"Do I have my what?" Youko shook her head and grinned. "Sorry, didn't bring it with me."
"Some paperwork that needs to be taken care of. Tomorrow, I'll have Hankyo go fetch it."
She took each of the documents from a stationery box. Although she had left everything in Keiki's care, the decrees of high government officials still required the Imperial Seal. She unwound the scrolls and scanned the text. She could hardly read a word, so she couldn't do much more than skim over it. She'd have to get Keiki to read it aloud for her in order to understand it.
"And how is the rike?"
"What? Oh, it's great. Enho's a good man, and I love the kids."
"Is that so? That is good to know."
"Which isn't to mean I don't have any concerns," Youko muttered.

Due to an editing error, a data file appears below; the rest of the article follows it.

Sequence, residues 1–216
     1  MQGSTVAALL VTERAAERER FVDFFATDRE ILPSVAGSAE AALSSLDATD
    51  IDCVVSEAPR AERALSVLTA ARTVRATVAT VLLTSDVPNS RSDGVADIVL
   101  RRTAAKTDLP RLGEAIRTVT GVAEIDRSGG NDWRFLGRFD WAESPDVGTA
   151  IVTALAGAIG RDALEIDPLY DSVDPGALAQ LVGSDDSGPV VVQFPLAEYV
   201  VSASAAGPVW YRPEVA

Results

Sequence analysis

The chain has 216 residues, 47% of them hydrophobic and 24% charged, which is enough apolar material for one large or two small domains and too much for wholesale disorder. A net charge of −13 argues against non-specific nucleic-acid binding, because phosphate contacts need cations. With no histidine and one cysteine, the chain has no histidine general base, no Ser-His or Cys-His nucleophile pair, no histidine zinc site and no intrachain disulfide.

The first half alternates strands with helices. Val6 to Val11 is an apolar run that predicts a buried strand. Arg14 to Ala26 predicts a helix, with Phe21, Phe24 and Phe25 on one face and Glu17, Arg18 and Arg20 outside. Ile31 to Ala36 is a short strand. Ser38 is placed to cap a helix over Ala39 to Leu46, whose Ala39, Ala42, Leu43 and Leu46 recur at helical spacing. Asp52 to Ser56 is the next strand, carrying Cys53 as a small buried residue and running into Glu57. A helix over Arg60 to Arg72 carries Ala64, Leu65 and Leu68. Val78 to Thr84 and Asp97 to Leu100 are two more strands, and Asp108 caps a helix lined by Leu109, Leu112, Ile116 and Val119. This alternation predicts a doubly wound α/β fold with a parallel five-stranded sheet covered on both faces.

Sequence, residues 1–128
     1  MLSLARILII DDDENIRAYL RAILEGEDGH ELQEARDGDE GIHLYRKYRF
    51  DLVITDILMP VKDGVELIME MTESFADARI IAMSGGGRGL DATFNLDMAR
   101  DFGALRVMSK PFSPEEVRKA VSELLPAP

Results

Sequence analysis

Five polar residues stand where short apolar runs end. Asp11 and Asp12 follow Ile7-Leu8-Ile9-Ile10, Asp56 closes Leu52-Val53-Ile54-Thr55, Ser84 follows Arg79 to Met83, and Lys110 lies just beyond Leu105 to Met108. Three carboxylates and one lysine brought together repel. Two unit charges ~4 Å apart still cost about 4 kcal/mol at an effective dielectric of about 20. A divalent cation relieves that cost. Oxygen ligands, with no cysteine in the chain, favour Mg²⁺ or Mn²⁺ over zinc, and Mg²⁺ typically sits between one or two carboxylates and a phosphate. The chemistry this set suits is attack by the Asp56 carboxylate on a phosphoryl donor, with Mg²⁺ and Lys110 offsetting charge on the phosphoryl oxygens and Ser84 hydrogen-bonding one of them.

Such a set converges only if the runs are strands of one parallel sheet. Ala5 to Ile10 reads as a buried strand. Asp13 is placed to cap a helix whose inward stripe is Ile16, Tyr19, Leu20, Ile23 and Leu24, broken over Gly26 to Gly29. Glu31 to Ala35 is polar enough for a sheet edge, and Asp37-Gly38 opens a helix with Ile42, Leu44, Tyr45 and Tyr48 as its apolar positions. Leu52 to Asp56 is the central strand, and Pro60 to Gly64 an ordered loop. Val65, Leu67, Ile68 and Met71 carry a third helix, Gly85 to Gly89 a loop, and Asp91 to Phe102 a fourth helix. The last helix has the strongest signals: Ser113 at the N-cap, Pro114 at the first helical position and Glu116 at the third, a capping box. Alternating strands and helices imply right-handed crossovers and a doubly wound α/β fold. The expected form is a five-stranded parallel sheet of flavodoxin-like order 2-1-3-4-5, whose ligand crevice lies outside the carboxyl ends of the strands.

"Ah," said Keiki, lowering his voice. "As for your inquiries about Shoukou, I examined the civil service records and asked around the ministries. He is the governor of Shisui Prefecture, Wa Province. A high-ranking official of no good repute."
"Seems to be a lot of that in Wa Province: Marquis Gahou, Governor Shoukou."
"He has crossed the line many times. The ministers are desperate to discipline him, but no matter what happens, Gahou watches his back and covers everything up."
"Enho calls Gahou a jackal who shed its tail."
"A fair description."
"Fortunately, Shisui happens to be close by. I was curious to see for myself what this Shoukou was like. I'd also like to check out the capital of Wa Province."
"You shouldn't be taking unnecessary risks."
"I don't. I'll be careful."
Keiki gave Youko a sideways glance. "Really? I can smell blood on you."
"Eh?" Youko sniffed at her sleeves.
"It is blood, is it not? Though I do not wish to imply that Your Highness was the cause of it."
"Oh, that's right. I came across an accident. It happened a few days ago. Can you still smell it?"
"It strikes me as the blood of an innocent, spilled without a curse, so it is not acrid. I do worry for your well being."